What you want to do now is just enter anything into both fields and click login. The point right now is not to guess the password, but to show Burp what the response to your invalid input is. Now open your Burp window, open up the Target tab and the Site Map subtab, and find the page and request that your invalid login attempt is in. Right-click on the request and click ‘Send to Intruder’.Capture 9

Now Burp Intruder can work with the web page. Go to the Intruder tab and the Positions subtab. You should see the request script, with bits bolded in. That’s Burp letting you know where it found a login textbox or a cookie that it thinks you can work with. Find the pieces of text that you want to fuzz and use the ‘Clear’ button on the right to clear the pieces of text you want to leave alone. Above all the code there’s a drop-down bar that asks you what attack type you want.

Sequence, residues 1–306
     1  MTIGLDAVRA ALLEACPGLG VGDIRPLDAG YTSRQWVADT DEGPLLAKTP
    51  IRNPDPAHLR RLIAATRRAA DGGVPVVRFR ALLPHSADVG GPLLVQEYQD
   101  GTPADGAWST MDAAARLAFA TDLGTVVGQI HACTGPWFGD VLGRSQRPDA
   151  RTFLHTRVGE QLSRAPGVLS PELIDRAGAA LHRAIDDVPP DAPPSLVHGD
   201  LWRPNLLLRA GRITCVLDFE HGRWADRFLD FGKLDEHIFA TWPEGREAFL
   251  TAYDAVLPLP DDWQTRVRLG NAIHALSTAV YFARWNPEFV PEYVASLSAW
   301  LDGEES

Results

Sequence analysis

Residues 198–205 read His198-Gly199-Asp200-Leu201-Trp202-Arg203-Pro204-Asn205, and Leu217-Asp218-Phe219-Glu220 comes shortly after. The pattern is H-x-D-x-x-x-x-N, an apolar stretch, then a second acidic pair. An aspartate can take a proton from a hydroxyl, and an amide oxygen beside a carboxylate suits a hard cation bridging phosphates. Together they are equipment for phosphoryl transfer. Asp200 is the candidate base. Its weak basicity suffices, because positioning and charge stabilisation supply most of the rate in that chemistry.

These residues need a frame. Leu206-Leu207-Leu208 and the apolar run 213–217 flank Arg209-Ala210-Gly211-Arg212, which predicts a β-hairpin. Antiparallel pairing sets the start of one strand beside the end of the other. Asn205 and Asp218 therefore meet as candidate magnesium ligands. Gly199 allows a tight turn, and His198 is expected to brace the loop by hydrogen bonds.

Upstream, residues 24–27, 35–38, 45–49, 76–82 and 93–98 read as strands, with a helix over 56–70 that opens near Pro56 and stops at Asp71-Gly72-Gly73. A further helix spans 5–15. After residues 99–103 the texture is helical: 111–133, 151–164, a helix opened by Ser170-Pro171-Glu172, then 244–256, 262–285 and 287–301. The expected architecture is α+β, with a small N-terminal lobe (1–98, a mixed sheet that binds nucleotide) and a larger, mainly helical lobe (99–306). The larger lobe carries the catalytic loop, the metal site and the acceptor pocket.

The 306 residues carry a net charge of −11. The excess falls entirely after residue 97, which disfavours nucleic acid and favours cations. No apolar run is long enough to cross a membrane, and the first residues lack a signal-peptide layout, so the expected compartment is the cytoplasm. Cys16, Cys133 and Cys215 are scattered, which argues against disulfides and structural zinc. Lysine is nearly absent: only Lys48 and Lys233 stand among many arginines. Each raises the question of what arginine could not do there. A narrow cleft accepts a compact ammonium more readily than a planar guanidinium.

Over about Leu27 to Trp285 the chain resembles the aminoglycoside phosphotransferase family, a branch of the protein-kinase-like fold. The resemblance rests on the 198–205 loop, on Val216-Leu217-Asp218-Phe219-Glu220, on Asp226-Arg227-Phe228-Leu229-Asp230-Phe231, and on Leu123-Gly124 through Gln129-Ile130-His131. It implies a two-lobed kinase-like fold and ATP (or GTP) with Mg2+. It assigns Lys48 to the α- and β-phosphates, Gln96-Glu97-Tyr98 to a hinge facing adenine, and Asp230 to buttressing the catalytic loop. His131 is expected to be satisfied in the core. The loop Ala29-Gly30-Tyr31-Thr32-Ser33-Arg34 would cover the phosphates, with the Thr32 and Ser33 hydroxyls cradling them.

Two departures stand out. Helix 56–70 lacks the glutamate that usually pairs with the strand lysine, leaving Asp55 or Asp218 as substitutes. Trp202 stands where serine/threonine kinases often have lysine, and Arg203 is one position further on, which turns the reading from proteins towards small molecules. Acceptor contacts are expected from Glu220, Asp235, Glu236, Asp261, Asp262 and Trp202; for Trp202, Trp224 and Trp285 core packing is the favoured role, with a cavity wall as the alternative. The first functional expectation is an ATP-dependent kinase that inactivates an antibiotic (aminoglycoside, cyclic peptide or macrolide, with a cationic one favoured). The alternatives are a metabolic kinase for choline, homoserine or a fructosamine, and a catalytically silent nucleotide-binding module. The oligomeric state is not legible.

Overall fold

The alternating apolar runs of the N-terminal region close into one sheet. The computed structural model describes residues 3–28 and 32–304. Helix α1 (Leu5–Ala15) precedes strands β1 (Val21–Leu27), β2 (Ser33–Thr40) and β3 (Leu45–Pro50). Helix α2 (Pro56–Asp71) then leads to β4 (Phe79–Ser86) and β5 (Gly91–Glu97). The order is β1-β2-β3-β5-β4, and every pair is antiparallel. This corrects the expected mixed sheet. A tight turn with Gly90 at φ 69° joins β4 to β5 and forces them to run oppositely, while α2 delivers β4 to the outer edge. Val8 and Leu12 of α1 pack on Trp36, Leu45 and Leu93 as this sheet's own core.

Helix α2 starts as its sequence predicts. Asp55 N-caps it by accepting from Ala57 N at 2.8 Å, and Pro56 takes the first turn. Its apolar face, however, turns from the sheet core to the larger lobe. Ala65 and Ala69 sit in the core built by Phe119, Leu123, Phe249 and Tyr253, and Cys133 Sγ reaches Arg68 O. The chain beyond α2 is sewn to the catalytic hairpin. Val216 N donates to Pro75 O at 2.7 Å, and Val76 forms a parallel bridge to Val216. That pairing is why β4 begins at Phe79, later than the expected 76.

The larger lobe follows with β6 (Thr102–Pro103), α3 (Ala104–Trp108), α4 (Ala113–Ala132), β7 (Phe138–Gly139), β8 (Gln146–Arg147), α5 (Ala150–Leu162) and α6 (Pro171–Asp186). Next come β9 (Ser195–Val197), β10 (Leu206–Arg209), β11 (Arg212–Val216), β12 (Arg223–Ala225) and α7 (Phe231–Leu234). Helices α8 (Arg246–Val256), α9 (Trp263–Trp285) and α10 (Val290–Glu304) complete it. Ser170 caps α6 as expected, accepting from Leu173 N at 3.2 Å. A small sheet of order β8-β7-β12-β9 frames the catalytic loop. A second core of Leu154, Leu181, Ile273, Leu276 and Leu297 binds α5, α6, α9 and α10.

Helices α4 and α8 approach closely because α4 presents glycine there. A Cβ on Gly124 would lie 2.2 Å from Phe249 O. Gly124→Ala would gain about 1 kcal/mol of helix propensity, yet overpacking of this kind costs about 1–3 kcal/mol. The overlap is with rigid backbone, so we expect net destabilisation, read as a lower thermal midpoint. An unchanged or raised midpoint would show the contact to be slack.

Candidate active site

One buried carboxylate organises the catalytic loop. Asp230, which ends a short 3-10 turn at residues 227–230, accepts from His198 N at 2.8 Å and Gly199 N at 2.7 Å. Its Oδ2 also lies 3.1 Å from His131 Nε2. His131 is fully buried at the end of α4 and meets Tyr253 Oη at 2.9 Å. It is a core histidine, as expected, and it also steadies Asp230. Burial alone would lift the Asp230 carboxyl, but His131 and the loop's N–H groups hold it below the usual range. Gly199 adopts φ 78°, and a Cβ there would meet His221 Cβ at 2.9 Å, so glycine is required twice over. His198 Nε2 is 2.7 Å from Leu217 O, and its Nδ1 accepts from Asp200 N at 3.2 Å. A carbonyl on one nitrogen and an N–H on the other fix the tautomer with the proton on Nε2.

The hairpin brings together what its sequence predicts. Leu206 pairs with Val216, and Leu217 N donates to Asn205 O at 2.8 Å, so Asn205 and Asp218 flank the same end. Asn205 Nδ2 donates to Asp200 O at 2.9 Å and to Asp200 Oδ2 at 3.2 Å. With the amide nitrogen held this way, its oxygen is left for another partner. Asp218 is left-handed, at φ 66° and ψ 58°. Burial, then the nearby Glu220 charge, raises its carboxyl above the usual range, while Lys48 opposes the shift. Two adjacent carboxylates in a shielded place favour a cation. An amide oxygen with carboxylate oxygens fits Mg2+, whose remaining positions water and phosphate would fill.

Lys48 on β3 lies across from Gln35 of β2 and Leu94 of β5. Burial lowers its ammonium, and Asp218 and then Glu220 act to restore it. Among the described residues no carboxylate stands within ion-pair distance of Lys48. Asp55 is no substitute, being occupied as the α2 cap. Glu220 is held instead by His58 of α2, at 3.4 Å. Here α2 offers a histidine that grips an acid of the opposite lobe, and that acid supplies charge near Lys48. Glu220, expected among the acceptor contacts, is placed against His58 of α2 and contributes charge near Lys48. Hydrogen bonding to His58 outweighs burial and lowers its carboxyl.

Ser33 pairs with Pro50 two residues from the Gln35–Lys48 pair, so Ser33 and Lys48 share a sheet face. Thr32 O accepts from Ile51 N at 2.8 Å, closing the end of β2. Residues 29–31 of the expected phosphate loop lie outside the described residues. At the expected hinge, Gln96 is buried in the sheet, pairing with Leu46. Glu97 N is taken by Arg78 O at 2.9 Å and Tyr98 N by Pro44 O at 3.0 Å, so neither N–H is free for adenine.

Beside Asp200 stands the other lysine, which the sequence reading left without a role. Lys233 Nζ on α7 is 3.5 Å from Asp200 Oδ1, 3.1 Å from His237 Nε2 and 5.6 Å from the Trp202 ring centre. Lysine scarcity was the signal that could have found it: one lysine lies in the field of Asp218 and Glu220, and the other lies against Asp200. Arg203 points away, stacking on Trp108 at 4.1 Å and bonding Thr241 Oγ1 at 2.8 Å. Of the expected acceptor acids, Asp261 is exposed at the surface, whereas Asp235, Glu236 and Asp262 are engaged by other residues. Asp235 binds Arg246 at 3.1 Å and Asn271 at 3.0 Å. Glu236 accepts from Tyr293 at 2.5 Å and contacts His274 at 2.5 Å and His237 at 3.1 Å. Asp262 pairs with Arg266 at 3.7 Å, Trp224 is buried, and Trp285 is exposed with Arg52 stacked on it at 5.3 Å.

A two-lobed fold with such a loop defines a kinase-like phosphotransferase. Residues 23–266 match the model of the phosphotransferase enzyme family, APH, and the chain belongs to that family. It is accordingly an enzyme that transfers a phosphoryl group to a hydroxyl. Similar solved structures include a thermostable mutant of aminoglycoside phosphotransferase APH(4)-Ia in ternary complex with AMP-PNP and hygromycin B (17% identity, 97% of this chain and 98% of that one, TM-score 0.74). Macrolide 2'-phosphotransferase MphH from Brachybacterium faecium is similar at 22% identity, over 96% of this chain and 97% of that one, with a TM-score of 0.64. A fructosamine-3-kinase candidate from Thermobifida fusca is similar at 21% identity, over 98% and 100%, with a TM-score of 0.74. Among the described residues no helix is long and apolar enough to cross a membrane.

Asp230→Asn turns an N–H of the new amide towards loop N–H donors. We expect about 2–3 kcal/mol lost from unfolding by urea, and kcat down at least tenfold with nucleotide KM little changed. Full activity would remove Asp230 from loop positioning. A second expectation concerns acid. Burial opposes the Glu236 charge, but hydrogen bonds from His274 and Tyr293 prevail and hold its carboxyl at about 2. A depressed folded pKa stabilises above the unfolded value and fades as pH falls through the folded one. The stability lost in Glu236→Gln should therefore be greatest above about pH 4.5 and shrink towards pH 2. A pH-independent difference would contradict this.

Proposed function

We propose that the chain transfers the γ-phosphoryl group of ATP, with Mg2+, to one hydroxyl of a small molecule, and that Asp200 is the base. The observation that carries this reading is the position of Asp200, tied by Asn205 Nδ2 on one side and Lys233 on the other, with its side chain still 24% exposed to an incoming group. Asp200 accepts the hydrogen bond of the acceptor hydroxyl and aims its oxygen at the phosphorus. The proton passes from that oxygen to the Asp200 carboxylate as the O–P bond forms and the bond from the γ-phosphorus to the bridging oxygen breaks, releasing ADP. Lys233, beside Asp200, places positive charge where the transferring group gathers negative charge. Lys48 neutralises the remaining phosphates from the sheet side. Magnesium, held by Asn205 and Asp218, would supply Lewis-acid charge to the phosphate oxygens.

There are four attack types: Sniper is used when you only have one piece of code you want to break into (called a position), so it throws data at it (called a payload) one by one. Battering Ram works with several positions and inserts the same payload into them all at once. Pitchfork uses several sets of payloads where it enters the different payloads into different positions at the same time. For example, if you had two positions and two payload sets, it would enter the first payload from the first set into the first position and the first payload from the second set into the second position, then the second payload from the first set into the first position and the second payload from the second set into the second position, and so on. Cluster Bomb sets the same payload into one position while running through every payload in another, then sets the second payload into the first position while running through every payload, then the third, until it finds a match. This is what we want to use since we don’t know what usernames work with what passwords, so select that.